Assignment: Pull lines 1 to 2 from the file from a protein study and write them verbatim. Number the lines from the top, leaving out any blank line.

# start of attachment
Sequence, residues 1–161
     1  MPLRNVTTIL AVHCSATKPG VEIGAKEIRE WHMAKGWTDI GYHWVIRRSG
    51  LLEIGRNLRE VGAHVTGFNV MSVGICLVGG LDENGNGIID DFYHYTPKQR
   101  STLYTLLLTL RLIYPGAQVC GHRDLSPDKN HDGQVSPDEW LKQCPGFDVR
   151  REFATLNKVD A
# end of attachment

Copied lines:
Sequence, residues 1–161
     1  MPLRNVTTIL AVHCSATKPG VEIGAKEIRE WHMAKGWTDI GYHWVIRRSG